A top US health official on Thursday pledged to try to ban menthol from regular cigarettes, outlaw flavors in all cigars, and tighten rules regarding the sale of most flavored versions of electronic cigarettes. In other words, 0.8 percent of middle school students, about 92,000 kids, are frequent vapers.
Smoking has been declining for more than five decades. "All the flavors were out there already", said Kenneth Warner, a University of MI emeritus public health professor who is a leading authority on smoking and health.
Gottlieb worries that "some proportion" of adolescent vapers who "otherwise might never have initiated on tobacco" will "become long-term users of combustible tobacco". Maybe some of them would not have tried tobacco had they not been introduced to nicotine via e-cigarettes.
Well, I don't think we ever said that was going to be an outright ban on the e-cigarettes. But there is no reason to believe that group is large enough to justify Gottlieb's fear that "all the great gains that we've made in this country [in] reducing smoking rates.will be reversed or lost if we can't address the youth use of e-cigarettes". The previous year, 12.7 percent of high school students reported past-month cigarette smoking in the NYTS, almost three times the share who reported vaping.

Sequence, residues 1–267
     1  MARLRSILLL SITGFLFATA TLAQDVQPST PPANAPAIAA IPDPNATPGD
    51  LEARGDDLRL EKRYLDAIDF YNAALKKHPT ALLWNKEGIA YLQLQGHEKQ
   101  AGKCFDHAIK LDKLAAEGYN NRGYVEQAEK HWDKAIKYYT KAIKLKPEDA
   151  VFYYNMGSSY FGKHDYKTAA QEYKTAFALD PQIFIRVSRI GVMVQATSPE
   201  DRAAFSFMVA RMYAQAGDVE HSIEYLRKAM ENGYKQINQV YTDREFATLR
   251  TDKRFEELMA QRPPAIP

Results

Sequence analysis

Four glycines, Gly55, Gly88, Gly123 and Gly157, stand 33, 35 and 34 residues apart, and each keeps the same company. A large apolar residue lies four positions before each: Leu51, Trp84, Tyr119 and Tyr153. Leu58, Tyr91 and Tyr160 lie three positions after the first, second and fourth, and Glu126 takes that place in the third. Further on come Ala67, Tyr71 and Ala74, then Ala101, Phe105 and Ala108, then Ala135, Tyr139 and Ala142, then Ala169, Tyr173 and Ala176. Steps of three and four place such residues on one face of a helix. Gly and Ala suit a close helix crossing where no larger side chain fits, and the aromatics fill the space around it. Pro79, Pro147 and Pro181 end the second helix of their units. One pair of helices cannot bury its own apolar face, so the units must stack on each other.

In short, I think Gottlieb is overreacting to a problem that is not almost as dire as he makes it out to be.
The proposed ban, which would also include flavored cigars, is aimed at "addressing the disturbing trend of youth nicotine use and continuing to advance the historic declines we've achieved in recent years in the rates of combustible cigarette use among kids", he added. They could still be sold in vape shops or other businesses that do not admit minors.
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But the stricter regulations would not cover tobacco-, mint- or menthol-flavored e-cigarettes, because they "are more popular with adults than with kids", according to Gottlieb.
"The increase in e-cigarette popularity (among kids) is nearly certainly not a function of flavors".
"More than half (54 percent) of youth smokers ages 12-17 use menthol cigarettes, compared to less than one-third of smokers ages 35 and older", FDA Commissioner Scott Gottlieb said in a statement Thursday, calling them "one of the most common and pernicious" ways kids get hooked.
These limits may also take a while to be implemented.
The move comes more than two years after the FDA released its final proposed deeming rule extending its regulatory authority to all tobacco products, including electronic cigarettes, cigars, hookah tobacco and pipe tobacco on May 5, 2016. We did extend the compliance dates on the e-cigarettes when I initially came aboard, again, to try to give them time to come in with applications to the agency, to try to demonstrate what they need to demonstrate to remain on the market, because we do - we do recognize that there may be an opportunity for adults using these products. Those bans, which will take longer to implement than the restrictions on e-cigarettes, are more extreme, but they make more sense from a public health perspective, which attaches no value to pleasure or individual choice.
"I'm deeply concerned about the availability of menthol-flavored cigarettes", Gottlieb said.